In a previous life, I used to be a drummer. Just for the record I refer to a previous period of my life, not as in reincarnation. Because a life prior to parental alienation and/or depression can seem like a completely different life at times.
For those unfamiliar with the term parental alienation please see here.
Ultimately I used to play the drums more or less on a daily basis. However to prevent further threats of litigation I will not over-elaborate why I had no access to my drum-kit for over a year!
“Due to the level of focus and concentration needed my mind was not free or allowed to wander.“
Anyway, I digress. The purpose of this article is not to declare to the world the outcome of my recent divorce proceedings but to explore the concept of coping when being under immense pressure.
When I used to play my drums, due to the level of focus and concentration needed my mind was not free or allowed to wander. I was arguably in a state of mindfulness while engaging in this activity.
For those unfamiliar with the concept of mindfulness, in the briefest of explanations it is the achievement of a mental state whereby one focuses one’s awareness on the present moment. Ultimately my mind, during those drumming sessions of mine would be fixed and held in the here and now.
And this is where I would like to explore the concept of taking and holding oneself in the here and now. There is a psychological concept known as Present Moment Contact. As the name suggests, this very much works withing the same context of mindfulness.
Present Moment Contact was explained to me as follows: If we imagine a timeline. And in the middle of the timeline is the here and now. Going backwards along the timeline from the here and now we reach the past. Going forwards along the timeline from the here and now we reach the future.
Hopefully the image above helps explain this concept in more depth. We all ruminate about the past. And we all worry about the future.
“So the principle of Present Moment Contact is finding a way to take ourselves to the here and now”
However the underlying principle of Present Moment Contact is that when we ruminate too much about the past, at disproportionate levels this all too often results in depression. And equally when we worry too much about the future, at disproportionate levels this all too often results in anxiety.
So the principle of Present Moment Contact is finding a way to take ourselves to the here and now, thereby minimising any rumination on the past or worrying about the future. Present Moment Contact can be utilised in numerous ways. One of which involves utilising our five senses much in the same way we use mindfulness.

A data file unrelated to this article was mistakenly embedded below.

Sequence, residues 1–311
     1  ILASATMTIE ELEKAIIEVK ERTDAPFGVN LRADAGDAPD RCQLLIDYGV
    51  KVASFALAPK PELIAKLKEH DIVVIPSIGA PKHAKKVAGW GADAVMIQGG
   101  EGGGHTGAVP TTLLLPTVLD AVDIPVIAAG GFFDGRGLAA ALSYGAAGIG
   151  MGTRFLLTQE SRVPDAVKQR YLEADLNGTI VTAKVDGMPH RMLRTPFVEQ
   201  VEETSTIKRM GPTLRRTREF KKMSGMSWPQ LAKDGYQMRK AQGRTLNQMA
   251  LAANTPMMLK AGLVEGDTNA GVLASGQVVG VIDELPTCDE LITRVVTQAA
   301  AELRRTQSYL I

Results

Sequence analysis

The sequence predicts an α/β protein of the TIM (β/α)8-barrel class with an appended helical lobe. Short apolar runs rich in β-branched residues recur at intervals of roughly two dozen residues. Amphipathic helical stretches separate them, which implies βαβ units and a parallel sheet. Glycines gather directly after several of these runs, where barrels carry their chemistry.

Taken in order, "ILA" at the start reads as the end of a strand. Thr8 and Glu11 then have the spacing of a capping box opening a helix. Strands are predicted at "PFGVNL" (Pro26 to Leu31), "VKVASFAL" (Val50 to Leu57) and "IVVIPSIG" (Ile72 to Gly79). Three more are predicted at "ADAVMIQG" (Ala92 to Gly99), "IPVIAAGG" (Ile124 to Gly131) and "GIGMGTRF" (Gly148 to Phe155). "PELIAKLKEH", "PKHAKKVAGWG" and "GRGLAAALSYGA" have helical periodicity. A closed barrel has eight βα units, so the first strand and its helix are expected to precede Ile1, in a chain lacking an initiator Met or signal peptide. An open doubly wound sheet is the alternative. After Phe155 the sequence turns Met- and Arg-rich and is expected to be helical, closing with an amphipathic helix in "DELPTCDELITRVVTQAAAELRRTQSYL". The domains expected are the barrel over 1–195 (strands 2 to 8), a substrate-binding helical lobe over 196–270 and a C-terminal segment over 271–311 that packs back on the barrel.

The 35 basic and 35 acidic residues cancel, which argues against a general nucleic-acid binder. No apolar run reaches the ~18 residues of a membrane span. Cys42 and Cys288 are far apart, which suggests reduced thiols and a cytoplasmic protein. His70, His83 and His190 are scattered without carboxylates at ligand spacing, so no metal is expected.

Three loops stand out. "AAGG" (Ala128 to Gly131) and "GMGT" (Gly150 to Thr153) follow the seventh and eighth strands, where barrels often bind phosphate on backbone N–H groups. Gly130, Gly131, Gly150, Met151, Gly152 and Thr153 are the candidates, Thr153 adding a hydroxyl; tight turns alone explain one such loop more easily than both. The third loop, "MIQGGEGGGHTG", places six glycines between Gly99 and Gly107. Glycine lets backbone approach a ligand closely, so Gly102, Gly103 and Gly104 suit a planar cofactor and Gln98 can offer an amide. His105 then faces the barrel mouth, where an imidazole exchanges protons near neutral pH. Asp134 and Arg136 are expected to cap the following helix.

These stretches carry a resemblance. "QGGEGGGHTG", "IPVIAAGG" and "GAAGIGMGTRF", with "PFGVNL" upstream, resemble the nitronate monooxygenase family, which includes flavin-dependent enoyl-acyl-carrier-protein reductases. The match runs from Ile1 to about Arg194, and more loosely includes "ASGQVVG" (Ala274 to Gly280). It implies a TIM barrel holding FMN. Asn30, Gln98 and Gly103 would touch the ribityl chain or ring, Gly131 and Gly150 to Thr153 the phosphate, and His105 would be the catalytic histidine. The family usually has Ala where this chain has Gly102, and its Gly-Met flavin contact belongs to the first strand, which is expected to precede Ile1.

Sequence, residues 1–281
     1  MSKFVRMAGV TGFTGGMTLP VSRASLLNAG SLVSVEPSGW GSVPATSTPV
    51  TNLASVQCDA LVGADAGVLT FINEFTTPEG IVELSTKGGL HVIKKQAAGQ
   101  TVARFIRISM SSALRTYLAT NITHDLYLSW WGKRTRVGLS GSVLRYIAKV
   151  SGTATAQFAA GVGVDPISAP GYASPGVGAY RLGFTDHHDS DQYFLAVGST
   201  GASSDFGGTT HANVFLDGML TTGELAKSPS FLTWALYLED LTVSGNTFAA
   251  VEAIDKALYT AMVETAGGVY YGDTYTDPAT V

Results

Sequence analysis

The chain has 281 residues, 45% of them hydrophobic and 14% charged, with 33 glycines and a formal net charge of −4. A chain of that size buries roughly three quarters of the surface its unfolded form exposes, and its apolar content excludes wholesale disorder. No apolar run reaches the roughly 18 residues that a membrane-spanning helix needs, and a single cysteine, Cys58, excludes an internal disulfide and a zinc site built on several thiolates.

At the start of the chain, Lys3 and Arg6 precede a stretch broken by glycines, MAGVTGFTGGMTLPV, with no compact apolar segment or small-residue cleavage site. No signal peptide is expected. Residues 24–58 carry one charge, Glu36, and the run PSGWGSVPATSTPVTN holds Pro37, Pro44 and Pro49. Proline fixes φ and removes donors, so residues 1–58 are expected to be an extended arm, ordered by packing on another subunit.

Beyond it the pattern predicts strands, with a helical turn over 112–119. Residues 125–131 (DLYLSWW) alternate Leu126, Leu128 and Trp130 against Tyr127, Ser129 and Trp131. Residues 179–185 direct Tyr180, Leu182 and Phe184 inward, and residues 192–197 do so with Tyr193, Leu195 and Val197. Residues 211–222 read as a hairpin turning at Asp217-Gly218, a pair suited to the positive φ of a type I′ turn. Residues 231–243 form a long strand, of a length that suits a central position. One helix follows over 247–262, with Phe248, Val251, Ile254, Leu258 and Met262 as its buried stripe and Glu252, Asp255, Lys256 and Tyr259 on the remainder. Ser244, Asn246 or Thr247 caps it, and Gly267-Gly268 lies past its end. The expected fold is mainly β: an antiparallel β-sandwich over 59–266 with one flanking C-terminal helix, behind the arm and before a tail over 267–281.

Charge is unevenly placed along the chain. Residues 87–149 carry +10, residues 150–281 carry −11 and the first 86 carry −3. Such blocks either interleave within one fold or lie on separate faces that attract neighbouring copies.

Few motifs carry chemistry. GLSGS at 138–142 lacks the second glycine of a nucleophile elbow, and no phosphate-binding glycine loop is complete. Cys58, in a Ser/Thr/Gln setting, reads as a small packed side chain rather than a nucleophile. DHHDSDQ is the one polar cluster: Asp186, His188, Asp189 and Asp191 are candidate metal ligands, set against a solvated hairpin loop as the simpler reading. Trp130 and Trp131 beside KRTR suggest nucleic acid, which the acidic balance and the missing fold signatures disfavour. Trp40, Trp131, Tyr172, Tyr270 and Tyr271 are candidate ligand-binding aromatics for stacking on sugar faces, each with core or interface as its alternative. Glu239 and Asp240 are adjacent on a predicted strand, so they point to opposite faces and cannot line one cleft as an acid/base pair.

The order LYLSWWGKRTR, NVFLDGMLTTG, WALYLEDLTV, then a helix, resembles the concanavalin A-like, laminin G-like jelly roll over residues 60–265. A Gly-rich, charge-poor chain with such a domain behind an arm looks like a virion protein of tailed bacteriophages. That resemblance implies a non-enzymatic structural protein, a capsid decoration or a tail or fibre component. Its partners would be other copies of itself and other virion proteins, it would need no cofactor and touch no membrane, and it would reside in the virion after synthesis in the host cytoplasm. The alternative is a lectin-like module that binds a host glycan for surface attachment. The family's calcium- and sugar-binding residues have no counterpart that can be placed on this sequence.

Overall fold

In my humble opinion, both as a psychiatric nurse and as someone that manages my own depression, I believe we should all engage and utilise such therapeutic concepts in whatever way suits us best. As long as we have the insight and understanding of what it is we are trying to achieve.
“A metaphorical dark cloud following me around, that refuses to completely go away.”
So in returning to my drumming, that was the hobby that used to take me to the here and now. I could definitely do with a good drumming session now. Due to parental alienation I have not seen my children for over a year and I continue to pursue this through the courts. I am managing my depression as well as ever. But at times it is akin to a metaphorical dark cloud following me around, that refuses to completely go away. A dark cloud that could pour down a storm at any time.
However whilst writing this article I have been reminising (note that I was not ruminating!) about when I used to have access to my drum-kit. By coincidence one of my all time favourite songs is Under Pressure, by Queen and David Bowie. Suffice to say I had a drumless track of this on my iPod that I used to merrily drum along to.
Drumming along to this was my ultimate here and now. Four minutes and eight seconds of pure unadulterated escapism.
As a song Under Pressure is an insanely powerful song. Both in terms of its musical arrangement and its meaning. It opens with John Deacon’s distinctive bassline. Two and a half minutes in, the track suddenly explodes and the entire song opens like a roar.
Ultimately the main theme of the song’s lyrics are about modern life and the pressures of every day life. However like all well written lyrics, the deeper meaning of the lyrics are left open to interpretation.
To conclude, the above concept is not a magic wand. However he point I wish to finish with is that whether one is battling parental alienation, depression, or both, it is of the upmost importance to take care of yourself.
“It’s a terror knowing what this world is about” (David Bowie, Under Pressure).
I am an alienated parent of three. Part-time psychiatric nurse, part-time writer. I am also an online activist against parental alienation. I use my knowledge of mental health and lived experience of parental alienation to promote awareness of parental alienation.